Shelves: poetry, sufi-poetry
Because of this book now I'm conflicted about which Sufi poet I love the best, Rumi or Hafiz.

In 2012 I went to Konya, Turkey and saw where Rumi was laid to rest centuries ago. I have yet to go to Shiraz, Iran the city of poets and roses where Hafiz spent most of his life and where he is buried. A few years ago world traveler Rick Steves went to Iran and of the many places he visited one was the tomb of Hafiz, where devotees of his poetry still visit and read his poems beside his tomb. I was tol
Tony duncan
Mar 07, 2008 rated it it was amazing
This book changed my life. I started writing poetry after being introduced to Rumi, and then jaki got 3 of Ladinsky's translations and I was transported into another World. THIS is where I belong. I am unable to find this place except through Hafiz, and I am pretty weary of ever being able to communicate clearly to anyone in real life about how clear his messages are in this book. But at least I have him, dancing in my mind, smiling sadly at me and then going off to play with God. I have wirtten ...more
Sep 09, 2013 rated it liked it
The Gift is a collection of Hafiz poems translated to English by Daniel Ladinsky. In the preface, Daniel describes the hours he has spent studying Hafiz's work, and how, above all else, he attempts to capture the essence of each poem. (Most know that translation of feeling/words is not always perfect.)

Everyone seems a bit upset about this. As for me, I just wanted to read some beautiful poetry.

I've always connected with Hafiz and Rumi's thoughts on love, nature, happiness and connection; the mo
May 24, 2016 rated it did not like it
THIS IS NOT HAFEZ. DO NOT BUY THIS BOOK! IT IS BAD POETRY, SPIRITUAL FRAUD AND MARKETING CHARLATANRY! Sorry to yell but it's important. This book sucks. Its not Hafez but crummy New Age numbskullery. As poetry it sucks. As cultural appropriation of the riches of Persian literature it is shameful in its deceit. Under no conceivable circumstances whatsoever should you buy this book.

The closest to the words and lines of Hafez are Reza Saberi's translations. Saberi actually speaks Persian and is a
Aug 16, 2008 rated it it was amazing
surprisingly brisk, funny, amazing poems you wouldn't believe were written so long ago. they are love poems to God and they are passionate! ...more
Otchen Makai
What I didn't know when I first started reading this,
is that the poems were not actually by Hafiz,
but more about him and or to him.
The author does state that he took wild liberties with his loosely translated poems.
Was a little disappointed to learn that as I had gone into this thinking it was hafiz poems.
However, the poems were not terrible. Hence the 3 stars.
Some of them are very Hafiz in their essence.
Others, well, very loosely translated with lots of liberties. heh.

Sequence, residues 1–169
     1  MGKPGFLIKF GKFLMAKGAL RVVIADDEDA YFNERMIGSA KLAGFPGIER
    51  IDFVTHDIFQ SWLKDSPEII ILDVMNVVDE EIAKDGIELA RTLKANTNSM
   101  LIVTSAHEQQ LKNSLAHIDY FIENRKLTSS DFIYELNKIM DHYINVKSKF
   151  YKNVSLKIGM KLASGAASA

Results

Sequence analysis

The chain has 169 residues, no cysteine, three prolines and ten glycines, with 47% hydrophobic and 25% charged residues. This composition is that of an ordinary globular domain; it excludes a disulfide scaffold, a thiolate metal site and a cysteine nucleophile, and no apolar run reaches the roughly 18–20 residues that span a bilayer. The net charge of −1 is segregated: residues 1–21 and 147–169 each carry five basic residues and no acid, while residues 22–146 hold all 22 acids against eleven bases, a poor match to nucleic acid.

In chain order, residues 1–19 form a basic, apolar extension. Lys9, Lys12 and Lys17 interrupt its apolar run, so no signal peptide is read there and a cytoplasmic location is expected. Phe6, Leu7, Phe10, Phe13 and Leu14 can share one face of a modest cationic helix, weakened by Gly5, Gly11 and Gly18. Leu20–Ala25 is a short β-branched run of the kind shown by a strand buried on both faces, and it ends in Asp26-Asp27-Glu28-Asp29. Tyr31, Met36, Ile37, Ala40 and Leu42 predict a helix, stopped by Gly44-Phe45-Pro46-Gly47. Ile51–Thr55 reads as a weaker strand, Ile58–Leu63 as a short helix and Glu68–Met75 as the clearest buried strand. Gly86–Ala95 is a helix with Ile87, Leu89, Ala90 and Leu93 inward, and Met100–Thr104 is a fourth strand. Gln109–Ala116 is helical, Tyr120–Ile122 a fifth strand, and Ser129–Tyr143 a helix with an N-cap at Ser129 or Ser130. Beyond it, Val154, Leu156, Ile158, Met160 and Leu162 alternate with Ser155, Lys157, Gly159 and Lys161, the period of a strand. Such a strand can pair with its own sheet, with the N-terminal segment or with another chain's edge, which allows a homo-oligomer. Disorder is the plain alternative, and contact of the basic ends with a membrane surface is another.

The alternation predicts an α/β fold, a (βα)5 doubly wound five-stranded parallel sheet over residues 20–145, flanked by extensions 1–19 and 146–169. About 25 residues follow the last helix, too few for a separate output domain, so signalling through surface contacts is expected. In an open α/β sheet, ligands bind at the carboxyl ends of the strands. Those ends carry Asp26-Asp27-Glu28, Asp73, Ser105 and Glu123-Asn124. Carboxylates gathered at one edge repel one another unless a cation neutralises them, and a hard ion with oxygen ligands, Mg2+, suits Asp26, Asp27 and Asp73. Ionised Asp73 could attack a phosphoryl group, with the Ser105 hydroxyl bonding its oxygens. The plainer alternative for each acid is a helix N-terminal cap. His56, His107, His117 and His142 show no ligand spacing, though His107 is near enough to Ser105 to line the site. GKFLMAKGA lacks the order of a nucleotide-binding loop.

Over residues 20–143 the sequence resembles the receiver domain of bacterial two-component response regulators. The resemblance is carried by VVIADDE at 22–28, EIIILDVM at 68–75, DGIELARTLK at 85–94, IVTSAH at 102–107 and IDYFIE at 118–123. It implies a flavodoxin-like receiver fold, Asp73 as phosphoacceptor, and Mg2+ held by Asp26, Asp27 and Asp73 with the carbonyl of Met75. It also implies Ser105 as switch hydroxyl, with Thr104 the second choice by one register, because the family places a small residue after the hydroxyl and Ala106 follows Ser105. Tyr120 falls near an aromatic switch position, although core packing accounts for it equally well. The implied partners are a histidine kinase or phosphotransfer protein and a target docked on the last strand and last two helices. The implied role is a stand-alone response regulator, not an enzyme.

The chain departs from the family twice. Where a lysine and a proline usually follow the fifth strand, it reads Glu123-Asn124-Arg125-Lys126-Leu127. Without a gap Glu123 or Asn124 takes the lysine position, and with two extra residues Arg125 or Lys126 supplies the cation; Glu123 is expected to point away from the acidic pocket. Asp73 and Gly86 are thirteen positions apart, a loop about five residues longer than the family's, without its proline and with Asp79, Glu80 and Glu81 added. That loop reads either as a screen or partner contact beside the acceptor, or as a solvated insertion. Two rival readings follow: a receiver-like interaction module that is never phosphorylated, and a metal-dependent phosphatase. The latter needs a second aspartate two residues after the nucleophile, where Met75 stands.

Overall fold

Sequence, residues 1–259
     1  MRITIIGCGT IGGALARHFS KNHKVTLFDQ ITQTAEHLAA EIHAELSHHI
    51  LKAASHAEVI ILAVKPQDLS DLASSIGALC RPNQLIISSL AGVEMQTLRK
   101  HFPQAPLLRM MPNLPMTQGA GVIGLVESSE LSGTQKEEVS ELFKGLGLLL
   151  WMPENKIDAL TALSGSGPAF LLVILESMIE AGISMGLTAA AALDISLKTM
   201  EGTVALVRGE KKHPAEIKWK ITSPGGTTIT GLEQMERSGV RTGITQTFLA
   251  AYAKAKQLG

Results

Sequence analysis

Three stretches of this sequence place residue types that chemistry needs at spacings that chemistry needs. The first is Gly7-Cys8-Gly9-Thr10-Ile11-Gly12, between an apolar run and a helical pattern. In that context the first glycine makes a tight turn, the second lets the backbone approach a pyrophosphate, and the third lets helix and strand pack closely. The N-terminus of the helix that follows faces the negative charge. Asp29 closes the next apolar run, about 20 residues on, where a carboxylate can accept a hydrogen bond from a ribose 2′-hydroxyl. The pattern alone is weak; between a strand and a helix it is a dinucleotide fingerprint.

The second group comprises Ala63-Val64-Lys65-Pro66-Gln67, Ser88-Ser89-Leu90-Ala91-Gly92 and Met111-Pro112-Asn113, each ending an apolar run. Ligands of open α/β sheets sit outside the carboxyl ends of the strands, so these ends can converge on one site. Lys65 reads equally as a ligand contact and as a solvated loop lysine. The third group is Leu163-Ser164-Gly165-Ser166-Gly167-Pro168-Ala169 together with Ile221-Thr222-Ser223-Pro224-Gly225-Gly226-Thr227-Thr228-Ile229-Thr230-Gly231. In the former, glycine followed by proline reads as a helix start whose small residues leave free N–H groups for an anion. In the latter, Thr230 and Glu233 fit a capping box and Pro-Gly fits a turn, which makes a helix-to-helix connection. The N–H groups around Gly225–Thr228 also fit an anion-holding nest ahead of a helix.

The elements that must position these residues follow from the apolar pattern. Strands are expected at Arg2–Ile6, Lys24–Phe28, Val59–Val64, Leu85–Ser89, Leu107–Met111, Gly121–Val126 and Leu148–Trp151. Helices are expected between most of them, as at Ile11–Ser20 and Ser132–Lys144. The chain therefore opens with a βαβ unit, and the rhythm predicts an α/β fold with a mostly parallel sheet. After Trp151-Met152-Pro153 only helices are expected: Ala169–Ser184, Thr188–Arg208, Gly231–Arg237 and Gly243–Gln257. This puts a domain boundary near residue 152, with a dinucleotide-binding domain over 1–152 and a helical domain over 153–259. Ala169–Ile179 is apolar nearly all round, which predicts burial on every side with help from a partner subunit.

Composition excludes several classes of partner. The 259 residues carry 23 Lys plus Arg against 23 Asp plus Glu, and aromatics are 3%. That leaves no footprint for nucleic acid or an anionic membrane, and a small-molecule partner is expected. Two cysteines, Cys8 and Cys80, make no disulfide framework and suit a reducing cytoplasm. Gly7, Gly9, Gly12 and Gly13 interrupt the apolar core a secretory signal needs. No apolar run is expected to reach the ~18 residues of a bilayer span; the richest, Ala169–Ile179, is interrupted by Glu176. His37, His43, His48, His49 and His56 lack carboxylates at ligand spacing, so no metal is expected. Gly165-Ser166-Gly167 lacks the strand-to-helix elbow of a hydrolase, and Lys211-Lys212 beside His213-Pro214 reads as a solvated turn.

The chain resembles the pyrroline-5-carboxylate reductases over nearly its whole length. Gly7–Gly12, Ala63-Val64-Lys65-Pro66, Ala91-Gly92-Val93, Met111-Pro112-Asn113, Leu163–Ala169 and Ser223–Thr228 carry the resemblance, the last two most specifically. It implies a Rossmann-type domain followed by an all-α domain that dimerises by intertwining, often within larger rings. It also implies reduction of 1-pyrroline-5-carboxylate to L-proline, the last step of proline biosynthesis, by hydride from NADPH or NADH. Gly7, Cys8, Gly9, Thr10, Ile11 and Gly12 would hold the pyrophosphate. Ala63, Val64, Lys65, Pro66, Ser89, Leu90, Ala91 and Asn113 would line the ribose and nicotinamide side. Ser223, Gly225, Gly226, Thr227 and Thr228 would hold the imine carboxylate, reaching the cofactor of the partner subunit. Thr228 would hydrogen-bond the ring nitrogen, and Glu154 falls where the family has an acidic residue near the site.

Not a bad book, overal
Keith Taylor
Aug 29, 2021 rated it it was ok
Certainly worth calling this into account, although I suspect most people reading this will have a pretty clear sense of it before they finish even the second poem. We have seen other very free versions of Sufi poetry, and many of them have had a certain New-Age life. But if you make even a small journey into the forms of poetry from the Islamic world in Central Asia, you realize these have little to do with it. Hafiz wrote ghazals, but you'd have no sense of what a ghazal is by this book.

Scriptor Ignotus
Apr 12, 2014 rated it it was ok
Shelves: poetry, middle-east, islam
Stop Being So Religious

What/Do sad people have in/common?

It seems/They have all built a shrine/To the past

And often go there/And do a strange wail and/Worship.

What is the beginning of/Happiness?

It is to stop being/So religious


I can't presume to know how much of these poems is Hafez, and how much is Daniel Ladinsky. Translating anything from a middle eastern language into a European one is a notoriously tricky affair. If nothing else, Ladinsky at least takes a "loose" interpretation of H
Nicole Taylor
Jan 20, 2014 rated it it was amazing
I started reading this book a year and a half ago, to bring some sweetness into my mornings after experiencing a great loss. I would read at least one poem out loud to myself as a way to feel like I had stepped into the field of love and was wrapped in the sacred. This almost daily practice served me well, so finishing the book is bittersweet. I noticed whatever poem I read that morning would follow me into the day, inviting me to notice and appreciate beauty in different forms. Some scholars sa ...more
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Hāfez (حافظ) (Khwāja Shams-ud-Dīn Muḥammad Ḥāfeẓ-e Shīrāzī) was a Persian poet whose collected works (The Divan) are regarded as a pinnacle of Persian literature and are to be found in the homes of most people in Iran, who learn his poems by heart and still use them as proverbs and sayings.

His life and poems have been the subject of much analysis, commentary and interpretation, influencing post-1